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UAW announces new approach in its historic strike against the Big Three automakers

UAW President Shawn Fain joins union members at a rally at the UAW Local 551 hall on the South Side in Chicago on Oct. 7, 2023. Fain said on Friday the union will now be ready to expand its strike at any time, calling it a "new phase" in its fight against the Big Three automakers.
Jim Vondruska
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UAW President Shawn Fain joins union members at a rally at the UAW Local 551 hall on the South Side in Chicago on Oct. 7, 2023. Fain said on Friday the union will now be ready to expand its strike at any time, calling it a "new phase" in its fight against the Big Three automakers.

United Auto Workers President Shawn Fain said on Friday the union would not expand the strike immediately against the Big Three automakers, but left open the possibility that it could do so at any time.

Fain, in a Facebook Live appearance, called this a "new phase" in the union's fight against General Motors, Ford and Stellantis as the strike enters its fifth week.

Fain had previously used his Facebook Live presentations to announce strike plans, but the UAW changed tactics earlier this week when the union called on 8,700 workers at Ford's Kentucky Truck Plant to walk off the job after Ford declined to offer a better contract.

"We're not sticking to one pattern, or one system of giving these companies an extra hour or an extra day," said Fain said on Friday morning. "They know what needs to happen, and they know how to get it done."

No deal in sight yet

Fain's remarks come as the union and the Big Three automakers still appear at loggerheads over a new contract.

The UAW has made clear that the automakers' offers still fall short of the union's demands.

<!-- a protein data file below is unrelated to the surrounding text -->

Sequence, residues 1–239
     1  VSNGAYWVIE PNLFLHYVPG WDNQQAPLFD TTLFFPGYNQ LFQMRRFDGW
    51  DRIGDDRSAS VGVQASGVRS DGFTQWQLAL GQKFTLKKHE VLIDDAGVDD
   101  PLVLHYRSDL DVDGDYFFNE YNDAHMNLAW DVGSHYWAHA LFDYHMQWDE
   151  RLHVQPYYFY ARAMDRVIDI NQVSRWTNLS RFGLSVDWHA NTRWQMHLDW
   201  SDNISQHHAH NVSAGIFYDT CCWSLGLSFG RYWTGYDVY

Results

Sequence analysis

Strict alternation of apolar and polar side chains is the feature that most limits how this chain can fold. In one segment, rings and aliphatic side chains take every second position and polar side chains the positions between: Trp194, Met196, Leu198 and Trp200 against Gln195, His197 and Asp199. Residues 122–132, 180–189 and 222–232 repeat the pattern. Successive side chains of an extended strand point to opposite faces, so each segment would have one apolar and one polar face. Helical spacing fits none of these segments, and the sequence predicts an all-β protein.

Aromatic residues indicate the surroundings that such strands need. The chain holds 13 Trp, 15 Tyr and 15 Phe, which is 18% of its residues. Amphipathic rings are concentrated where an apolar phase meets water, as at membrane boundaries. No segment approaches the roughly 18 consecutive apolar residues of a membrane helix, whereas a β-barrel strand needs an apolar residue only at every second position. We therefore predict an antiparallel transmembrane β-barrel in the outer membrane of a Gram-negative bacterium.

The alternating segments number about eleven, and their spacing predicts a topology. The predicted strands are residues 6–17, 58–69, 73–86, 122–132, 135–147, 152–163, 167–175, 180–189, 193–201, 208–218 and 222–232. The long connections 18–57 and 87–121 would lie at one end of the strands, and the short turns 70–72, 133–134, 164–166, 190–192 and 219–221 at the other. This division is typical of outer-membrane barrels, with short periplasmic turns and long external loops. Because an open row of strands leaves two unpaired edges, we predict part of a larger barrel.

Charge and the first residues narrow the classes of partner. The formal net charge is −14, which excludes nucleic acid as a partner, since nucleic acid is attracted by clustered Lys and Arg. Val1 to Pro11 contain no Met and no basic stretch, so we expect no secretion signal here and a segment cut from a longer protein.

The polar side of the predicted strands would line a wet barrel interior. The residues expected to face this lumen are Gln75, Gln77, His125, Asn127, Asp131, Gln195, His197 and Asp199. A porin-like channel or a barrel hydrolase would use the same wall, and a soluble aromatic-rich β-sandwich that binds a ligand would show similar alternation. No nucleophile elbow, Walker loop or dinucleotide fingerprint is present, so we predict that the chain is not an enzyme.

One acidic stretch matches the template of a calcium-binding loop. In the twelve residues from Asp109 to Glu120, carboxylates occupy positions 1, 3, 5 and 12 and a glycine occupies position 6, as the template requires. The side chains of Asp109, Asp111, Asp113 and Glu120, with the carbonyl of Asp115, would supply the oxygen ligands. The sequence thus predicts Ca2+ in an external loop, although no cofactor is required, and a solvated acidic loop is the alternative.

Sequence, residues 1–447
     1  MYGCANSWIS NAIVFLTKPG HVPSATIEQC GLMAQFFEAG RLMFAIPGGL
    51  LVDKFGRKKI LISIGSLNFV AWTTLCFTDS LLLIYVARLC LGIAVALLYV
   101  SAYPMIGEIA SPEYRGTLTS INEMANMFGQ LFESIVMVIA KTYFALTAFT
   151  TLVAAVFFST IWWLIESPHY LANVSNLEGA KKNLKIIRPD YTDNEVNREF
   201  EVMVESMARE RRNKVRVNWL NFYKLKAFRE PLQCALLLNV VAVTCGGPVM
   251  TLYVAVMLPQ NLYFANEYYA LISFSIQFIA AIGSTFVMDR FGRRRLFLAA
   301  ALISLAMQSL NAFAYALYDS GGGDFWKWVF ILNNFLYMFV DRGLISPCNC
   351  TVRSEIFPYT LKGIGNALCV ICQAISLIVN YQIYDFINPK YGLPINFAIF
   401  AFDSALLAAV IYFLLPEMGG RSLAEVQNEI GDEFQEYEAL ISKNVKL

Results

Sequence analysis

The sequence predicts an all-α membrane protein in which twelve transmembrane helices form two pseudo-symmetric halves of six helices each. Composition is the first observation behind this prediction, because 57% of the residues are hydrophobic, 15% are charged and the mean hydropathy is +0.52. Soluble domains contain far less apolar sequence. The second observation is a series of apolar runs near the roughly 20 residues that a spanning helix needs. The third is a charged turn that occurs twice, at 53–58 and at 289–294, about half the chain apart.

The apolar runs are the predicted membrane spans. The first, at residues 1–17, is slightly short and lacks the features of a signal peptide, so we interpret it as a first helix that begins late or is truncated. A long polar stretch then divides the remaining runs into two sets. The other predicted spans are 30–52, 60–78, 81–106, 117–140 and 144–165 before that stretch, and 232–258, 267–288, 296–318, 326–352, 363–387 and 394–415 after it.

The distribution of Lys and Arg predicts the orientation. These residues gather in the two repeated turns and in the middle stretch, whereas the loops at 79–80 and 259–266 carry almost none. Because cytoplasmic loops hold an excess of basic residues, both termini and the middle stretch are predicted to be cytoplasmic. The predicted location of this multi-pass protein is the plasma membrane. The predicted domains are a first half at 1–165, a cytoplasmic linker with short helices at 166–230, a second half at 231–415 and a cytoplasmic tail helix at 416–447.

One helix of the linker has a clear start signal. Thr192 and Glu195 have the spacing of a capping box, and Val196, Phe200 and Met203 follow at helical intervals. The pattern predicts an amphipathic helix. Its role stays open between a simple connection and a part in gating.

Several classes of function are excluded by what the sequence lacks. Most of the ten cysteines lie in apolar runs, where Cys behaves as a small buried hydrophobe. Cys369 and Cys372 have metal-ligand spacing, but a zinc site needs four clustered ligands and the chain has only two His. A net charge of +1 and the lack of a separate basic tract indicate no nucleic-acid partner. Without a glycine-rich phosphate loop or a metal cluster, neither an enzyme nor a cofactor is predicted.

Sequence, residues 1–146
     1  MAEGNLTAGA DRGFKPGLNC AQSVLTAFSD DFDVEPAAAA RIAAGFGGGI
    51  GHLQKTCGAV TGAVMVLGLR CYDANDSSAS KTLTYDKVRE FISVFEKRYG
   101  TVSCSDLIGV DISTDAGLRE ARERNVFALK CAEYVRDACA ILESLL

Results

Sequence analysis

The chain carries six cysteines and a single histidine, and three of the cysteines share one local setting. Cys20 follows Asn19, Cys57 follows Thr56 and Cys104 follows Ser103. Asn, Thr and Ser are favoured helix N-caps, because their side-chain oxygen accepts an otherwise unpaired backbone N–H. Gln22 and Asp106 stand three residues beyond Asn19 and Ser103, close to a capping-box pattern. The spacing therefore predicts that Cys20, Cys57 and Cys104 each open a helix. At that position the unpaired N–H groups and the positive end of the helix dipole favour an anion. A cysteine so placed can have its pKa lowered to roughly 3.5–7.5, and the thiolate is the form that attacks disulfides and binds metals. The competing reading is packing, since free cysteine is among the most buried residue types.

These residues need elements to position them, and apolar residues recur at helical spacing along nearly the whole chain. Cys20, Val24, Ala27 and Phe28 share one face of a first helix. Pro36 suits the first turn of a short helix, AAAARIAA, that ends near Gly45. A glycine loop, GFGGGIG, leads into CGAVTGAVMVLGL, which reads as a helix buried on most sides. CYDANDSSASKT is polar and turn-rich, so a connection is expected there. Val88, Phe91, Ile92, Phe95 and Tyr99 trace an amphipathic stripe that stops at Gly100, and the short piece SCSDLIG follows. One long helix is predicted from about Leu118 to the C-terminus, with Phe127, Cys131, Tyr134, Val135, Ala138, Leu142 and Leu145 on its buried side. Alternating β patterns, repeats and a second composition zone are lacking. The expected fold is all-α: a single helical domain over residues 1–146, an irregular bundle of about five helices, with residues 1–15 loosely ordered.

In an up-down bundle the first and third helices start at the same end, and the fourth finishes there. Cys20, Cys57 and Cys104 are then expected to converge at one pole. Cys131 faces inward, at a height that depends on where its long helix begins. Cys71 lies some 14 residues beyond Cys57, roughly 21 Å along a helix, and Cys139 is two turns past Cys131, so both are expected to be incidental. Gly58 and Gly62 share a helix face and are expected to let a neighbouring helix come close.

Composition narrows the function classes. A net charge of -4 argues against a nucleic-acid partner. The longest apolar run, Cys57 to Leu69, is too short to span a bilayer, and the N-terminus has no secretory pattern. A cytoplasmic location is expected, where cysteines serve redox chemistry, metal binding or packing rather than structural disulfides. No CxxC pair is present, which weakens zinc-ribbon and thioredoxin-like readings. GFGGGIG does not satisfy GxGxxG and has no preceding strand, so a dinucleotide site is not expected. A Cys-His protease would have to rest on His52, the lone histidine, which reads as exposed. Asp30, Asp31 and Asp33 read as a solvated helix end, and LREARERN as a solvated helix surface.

Ford, GM and Stellantis have all said they've already put record offers on the table that include wage increases of more than 20% over four years, the return of cost of living allowances, a faster progression to the top wage, additional paid holidays and more.

Other sticking points remain, including retirement security and whether there will be union jobs at electric vehicle battery plants.

Ford reacted angrily to the UAW's sudden decision this week to strike at its Louisville plant.

In a media call on Thursday, Ford said it had reached an economic ceiling on what it can offer, although the automaker said it was willing to adjust components of its offer.

"On the economics, I would say, yes, we're pretty much — we have reached our limit," said Kumar Galhotra, president of Ford Blue, the automaker's internal combustion and hybrid division.

"We have to set a very clear limit beyond which it starts to hurt our business and starts to hurt our future, and that is not good for anybody."

Copyright 2023 NPR. To see more, visit https://www.npr.org.

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Andrea Hsu is NPR's labor and workplace correspondent.